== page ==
Question about CYG_HAL_TABLE usage

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Question about CYG_HAL_TABLE usage

Grant Edwards-6
I'm working with an app that uses the CYG_HAL_TABLE macros for seveal
different purposes.  I've always thought that the "END" label was at
the end of the "array" of objects, such that you can iterate a table
like this:


  for (p = __foo_TAB__; p < __foo_TAB_END__; ++p)
    {
      // process object pointed to by p    
    }    

But this seems not to be the case.  At least for Cortex M3 targets The
END label is aligned on an 8-byte boundary so that there may be up to
7 bytes of padding between the end of the table and the END label.

This means that

 * If you use HAL_TABLE macros for objects smaller than 8 bytes, you
   have no way of knowing where the table actually ends.

 * If object size isn't a mulitple of 8, the last iteration in the
   loop above points to garbage.

Am I understanding this correctly?

Are there asserts that will detect an attempt to use a HAL_TABLE with
objects < 8 bytes long?

If I do understand the implementation, then the loop needs to be

  for (p = __foo_TAB__; p+1 <= __foo_TAB_END__; ++p)
    {
      // process object pointed to by p
    }
   
But again, that requires that object size be >= 8 bytes.

   
--
Grant Edwards               grant.b.edwards        Yow! Am I accompanied by a
                                  at               PARENT or GUARDIAN?
                              gmail.com            


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Re: Question about CYG_HAL_TABLE usage

Daniel Helgason-2
On Fri, 2013-10-11 at 21:48 +0000, Grant Edwards wrote:

> I'm working with an app that uses the CYG_HAL_TABLE macros for seveal
> different purposes.  I've always thought that the "END" label was at
> the end of the "array" of objects, such that you can iterate a table
> like this:
>
>
>   for (p = __foo_TAB__; p < __foo_TAB_END__; ++p)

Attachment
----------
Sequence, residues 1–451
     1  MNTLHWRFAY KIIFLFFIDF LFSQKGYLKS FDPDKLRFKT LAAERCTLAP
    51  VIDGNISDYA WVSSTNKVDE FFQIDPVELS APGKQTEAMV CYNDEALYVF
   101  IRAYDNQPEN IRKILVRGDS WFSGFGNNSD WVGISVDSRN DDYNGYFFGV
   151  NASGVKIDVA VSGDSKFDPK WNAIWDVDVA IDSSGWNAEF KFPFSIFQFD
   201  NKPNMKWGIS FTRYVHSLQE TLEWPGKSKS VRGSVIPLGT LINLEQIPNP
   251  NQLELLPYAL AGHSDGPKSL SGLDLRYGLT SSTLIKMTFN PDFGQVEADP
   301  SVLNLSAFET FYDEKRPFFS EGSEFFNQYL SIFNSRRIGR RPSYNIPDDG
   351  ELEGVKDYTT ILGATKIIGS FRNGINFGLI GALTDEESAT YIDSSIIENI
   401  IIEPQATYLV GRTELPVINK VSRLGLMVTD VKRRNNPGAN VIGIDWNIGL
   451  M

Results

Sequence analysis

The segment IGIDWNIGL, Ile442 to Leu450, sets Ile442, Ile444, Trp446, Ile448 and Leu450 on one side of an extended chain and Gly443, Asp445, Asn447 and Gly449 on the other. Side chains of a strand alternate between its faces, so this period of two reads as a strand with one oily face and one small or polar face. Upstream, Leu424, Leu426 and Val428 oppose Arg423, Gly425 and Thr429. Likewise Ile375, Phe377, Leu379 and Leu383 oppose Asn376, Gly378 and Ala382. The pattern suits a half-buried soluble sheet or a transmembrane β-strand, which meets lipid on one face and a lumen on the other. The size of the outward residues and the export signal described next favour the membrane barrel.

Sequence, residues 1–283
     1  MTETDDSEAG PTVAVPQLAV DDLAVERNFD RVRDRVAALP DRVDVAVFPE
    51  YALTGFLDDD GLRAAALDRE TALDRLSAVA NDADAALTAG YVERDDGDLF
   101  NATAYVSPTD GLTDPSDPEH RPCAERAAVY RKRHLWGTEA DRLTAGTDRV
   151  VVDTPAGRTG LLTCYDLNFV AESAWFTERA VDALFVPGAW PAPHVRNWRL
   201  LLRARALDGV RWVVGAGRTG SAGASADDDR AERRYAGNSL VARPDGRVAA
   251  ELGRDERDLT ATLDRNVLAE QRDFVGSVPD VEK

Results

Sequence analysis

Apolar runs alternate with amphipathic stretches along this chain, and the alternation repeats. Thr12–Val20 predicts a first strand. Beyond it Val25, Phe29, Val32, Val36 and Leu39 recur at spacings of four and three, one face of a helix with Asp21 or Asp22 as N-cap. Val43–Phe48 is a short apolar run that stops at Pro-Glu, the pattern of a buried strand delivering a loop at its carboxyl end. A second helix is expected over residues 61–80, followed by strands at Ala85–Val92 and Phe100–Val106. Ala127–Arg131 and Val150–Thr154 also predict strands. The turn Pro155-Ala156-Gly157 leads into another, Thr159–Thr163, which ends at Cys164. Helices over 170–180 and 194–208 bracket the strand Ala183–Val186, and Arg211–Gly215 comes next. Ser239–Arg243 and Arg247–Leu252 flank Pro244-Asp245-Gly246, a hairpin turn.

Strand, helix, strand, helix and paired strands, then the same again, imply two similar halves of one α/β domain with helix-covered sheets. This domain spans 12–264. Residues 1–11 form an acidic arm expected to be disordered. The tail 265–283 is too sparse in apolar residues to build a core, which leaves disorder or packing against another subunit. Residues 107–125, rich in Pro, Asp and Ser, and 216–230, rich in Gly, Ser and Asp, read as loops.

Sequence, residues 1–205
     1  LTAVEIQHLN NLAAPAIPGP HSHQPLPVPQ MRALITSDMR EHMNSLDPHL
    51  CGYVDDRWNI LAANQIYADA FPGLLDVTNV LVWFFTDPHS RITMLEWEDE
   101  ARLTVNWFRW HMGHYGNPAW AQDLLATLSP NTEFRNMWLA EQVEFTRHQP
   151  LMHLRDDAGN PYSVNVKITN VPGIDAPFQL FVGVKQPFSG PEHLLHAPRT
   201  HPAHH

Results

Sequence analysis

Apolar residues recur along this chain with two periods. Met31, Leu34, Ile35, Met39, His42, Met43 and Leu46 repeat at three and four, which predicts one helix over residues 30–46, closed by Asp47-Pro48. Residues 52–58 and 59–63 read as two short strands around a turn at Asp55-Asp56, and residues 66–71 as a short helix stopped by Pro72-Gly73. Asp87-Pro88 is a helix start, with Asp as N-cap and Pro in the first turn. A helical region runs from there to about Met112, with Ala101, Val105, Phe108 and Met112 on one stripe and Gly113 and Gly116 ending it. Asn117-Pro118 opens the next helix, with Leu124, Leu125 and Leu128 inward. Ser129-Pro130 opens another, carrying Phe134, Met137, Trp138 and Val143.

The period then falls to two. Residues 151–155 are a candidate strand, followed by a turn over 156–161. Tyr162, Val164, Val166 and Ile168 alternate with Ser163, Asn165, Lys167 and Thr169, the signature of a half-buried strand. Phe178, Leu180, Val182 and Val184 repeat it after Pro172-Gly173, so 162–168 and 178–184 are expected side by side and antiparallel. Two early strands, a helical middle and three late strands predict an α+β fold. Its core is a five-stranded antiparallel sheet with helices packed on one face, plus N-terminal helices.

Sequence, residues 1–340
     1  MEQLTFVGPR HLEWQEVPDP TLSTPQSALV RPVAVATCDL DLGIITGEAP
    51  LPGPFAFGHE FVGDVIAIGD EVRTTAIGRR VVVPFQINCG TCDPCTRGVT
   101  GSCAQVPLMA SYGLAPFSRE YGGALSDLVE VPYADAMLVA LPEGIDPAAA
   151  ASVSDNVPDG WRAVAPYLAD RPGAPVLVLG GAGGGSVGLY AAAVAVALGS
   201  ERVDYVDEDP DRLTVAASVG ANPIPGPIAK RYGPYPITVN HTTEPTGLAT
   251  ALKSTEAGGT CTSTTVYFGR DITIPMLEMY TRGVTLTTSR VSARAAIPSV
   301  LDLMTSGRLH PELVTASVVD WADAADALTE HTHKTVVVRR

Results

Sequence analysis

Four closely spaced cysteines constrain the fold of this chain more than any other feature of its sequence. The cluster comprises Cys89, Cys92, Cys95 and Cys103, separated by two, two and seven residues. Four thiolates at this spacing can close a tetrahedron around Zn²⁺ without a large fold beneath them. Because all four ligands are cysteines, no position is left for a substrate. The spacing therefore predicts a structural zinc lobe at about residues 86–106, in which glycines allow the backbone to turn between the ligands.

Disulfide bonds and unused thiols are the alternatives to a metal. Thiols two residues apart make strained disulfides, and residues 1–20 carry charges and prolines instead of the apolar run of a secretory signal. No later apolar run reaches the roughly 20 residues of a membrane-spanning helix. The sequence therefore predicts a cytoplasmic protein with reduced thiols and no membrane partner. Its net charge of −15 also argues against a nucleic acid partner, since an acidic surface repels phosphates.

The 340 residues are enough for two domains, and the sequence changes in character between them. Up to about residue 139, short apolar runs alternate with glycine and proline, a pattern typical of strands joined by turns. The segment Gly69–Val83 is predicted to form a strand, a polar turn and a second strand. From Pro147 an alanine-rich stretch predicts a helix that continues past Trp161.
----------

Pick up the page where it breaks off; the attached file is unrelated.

>     {
>       // process object pointed to by p    
>     }    
>
> But this seems not to be the case.  At least for Cortex M3 targets The
> END label is aligned on an 8-byte boundary so that there may be up to
> 7 bytes of padding between the end of the table and the END label.
> ...

Yes, 8-byte alignment is the default alignment for entries in the
tables.

Check out hal/common/current/include/hal_tables.h and in particular
CYG_HAL_TABLE_TYPE macro. That should fix the problem.



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Re: Question about CYG_HAL_TABLE usage

Grant Edwards-6
On 2013-10-11, Daniel Helgason <[hidden email]> wrote:
> On Fri, 2013-10-11 at 21:48 +0000, Grant Edwards wrote:

>> I'm working with an app that uses the CYG_HAL_TABLE macros for seveal
>> different purposes.  I've always thought that the "END" label was at
>> the end of the "array" of objects, such that you can iterate a table
>> like this:
>>
>>
>>   for (p = __foo_TAB__; p < __foo_TAB_END__; ++p)
>>     {
>>       // process object pointed to by p    
>>     }    
>>
>> But this seems not to be the case.  At least for Cortex M3 targets
>> The END label is aligned on an 8-byte boundary so that there may be
>> up to 7 bytes of padding between the end of the table and the END
>> label...
>
> Yes, 8-byte alignment is the default alignment for entries in the
> tables.
>
> Check out hal/common/current/include/hal_tables.h and in particular
> CYG_HAL_TABLE_TYPE macro. That should fix the problem.

Thanks!  I don't know how I missed that.

Actually I do know: it has to do with the practice of nesting
preprocessor macros 6 deep before you get to actual code.

But, I guess if it weren't for the multiple layers of misdirection,
you would end up having to use gnu binutils and gcc for building eCos
instead of being able to use any toolchain you wanted.

;)

--
Grant





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